• Join with others to promote climate and environmental literacy and facilitate community conversations around vulnerabilities due to climate change;
  • If additional bond proposals are put forward, work to support their passage;
  • Participate in any Town Planning processes (eg. Master Plan) open to the public, especially those opportunities that provide opportunity for you to support biodiversity and fight climate change;
  • Help identify common-sense action steps to address vulnerabilities and build resilience to climate change in our town;
  • Collaborate and coordinate programs with other town entities and organizations, (i.e. Earth Day events; recycling and reducing waste [including food waste], especially use of non-recyclable plastic; energy alternatives, including solar panels; clean-up programs, school environmental education programs, recreation and pedestrian walkway programs;
  • Engage with others in volunteer activities (trail monitoring and trail and nature stewards, open space and farmland protection, forest management) to collect data, and address changes due to climate and to promote pedestrian recreation activities, both in and across open space and the built environments.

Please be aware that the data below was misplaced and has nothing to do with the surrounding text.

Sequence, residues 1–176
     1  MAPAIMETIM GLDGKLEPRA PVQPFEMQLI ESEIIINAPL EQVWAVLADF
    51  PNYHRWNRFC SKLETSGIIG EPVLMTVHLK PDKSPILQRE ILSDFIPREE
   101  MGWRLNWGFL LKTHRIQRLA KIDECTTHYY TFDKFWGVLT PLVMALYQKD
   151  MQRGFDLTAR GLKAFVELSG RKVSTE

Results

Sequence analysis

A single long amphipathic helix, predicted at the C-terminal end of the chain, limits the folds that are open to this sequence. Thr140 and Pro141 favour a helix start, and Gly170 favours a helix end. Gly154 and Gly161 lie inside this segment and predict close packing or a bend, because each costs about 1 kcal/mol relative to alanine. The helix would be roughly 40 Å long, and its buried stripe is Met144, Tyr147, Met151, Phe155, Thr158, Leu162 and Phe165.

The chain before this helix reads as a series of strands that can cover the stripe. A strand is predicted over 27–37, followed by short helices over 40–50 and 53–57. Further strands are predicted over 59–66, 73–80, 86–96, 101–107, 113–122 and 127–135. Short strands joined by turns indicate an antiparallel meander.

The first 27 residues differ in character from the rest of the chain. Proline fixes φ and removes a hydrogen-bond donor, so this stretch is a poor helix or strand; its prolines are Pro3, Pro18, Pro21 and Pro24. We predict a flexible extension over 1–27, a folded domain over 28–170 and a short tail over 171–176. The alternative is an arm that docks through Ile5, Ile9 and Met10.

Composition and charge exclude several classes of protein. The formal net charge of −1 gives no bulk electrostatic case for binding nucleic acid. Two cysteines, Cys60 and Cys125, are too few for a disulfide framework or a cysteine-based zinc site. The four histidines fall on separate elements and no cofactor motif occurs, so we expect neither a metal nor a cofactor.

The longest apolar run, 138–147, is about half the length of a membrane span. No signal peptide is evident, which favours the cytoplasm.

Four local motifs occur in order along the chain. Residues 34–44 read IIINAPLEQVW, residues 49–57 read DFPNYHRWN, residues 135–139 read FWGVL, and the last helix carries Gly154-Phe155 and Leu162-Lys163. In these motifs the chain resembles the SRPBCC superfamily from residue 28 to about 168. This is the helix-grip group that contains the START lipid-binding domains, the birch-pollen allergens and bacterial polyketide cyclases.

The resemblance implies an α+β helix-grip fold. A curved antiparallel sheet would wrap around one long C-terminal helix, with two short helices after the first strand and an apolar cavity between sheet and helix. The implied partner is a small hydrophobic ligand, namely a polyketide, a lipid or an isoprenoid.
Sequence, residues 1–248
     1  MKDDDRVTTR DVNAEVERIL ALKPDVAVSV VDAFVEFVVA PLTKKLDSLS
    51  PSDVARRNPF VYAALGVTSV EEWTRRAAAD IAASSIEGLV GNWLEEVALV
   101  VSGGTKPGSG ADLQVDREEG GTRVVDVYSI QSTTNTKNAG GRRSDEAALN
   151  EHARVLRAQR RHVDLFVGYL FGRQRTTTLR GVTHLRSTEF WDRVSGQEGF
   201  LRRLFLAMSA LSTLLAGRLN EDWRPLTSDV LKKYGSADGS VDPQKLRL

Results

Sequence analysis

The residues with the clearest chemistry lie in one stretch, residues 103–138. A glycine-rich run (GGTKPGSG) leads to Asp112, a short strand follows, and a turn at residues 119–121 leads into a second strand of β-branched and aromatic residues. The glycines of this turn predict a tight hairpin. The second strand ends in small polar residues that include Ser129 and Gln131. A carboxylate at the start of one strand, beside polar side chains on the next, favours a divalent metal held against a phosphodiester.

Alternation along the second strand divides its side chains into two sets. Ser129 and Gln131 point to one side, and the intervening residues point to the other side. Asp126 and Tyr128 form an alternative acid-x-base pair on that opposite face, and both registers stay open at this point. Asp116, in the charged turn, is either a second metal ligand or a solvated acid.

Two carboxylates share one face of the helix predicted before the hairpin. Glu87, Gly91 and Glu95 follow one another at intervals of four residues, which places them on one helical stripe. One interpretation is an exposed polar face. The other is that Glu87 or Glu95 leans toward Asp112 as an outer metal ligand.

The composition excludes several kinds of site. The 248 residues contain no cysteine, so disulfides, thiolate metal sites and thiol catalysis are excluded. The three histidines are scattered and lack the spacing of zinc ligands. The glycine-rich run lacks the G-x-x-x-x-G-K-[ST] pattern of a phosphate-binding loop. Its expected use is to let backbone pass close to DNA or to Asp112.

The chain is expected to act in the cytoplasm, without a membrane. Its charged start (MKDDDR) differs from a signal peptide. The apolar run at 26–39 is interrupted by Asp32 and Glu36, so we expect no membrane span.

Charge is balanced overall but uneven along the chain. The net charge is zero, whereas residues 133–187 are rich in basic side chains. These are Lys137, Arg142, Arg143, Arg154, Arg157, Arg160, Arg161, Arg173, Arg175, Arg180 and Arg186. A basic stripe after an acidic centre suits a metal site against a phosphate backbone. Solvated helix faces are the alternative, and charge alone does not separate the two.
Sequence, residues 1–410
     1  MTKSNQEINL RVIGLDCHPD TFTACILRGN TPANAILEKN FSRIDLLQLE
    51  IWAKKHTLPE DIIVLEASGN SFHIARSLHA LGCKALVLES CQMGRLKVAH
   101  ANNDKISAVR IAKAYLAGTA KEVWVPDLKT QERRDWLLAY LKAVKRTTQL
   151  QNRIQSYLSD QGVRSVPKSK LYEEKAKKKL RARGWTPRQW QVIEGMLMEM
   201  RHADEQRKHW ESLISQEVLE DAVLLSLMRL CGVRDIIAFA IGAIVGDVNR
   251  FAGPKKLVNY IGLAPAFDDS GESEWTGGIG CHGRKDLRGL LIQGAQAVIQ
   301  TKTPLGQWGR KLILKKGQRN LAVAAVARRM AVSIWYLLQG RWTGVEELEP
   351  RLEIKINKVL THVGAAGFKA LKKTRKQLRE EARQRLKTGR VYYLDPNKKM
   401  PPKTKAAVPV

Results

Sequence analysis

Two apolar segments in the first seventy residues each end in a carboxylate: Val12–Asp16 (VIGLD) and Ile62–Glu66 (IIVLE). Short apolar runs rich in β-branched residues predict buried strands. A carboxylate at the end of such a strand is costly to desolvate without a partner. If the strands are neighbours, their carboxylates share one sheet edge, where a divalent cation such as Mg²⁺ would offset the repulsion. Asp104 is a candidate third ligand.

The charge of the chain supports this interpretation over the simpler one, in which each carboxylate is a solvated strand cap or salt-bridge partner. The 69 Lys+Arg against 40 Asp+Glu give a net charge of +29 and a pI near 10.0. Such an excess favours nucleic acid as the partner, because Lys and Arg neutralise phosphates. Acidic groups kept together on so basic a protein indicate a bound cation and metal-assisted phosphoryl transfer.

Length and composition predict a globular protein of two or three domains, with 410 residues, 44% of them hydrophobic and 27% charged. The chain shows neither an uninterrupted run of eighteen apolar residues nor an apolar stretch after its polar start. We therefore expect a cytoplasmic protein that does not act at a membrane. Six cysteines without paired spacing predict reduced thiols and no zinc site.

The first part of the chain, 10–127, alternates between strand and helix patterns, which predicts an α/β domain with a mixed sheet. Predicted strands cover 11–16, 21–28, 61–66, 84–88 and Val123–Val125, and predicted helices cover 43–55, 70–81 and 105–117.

• Advocate and collaborate with others interested community members to have town leaders consider policy change and new ordinances for addressing both current and future changes in climate conditions. Recommendations might include:
    • sources of renewable energy and/or other low-emitting resources, including buildings, (i.e. solar, street and structural lighting),
    • managing waste to reduce greenhouse gasses, (i.e. reduce and reuse materials);     
    • shifting to utilization of low-emission vehicles to help stabilize and reduce the impact of greenhouse gasses and offer electric vehicle charging stations in town,     
    • join low emissions energy programs,
    • investigate and consider waste management alternatives
    • promote energy and lighting alternatives,
    • build bike paths and improved walkability within our town.

 Taking personal and collaborative action to protect and preserve biodiversity is beneficial to the future of our town, our state and our country, as well as our world.  Remember in one way or another we are all part of the world’s biodiversity and therefore all connected. On this Earth Day, your journey to “invest in our planet” can begin, or, for some, it can continue. In the words of a Chinese Proverb, “the journey of a thousand miles begins with the first step”.  You can take your first important step toward protecting biodiversity through actions aimed at avoiding the worst impacts of climate change.

Other sources that can help you learn about biodiversity, natural habitats, climate change and take action and advocate include: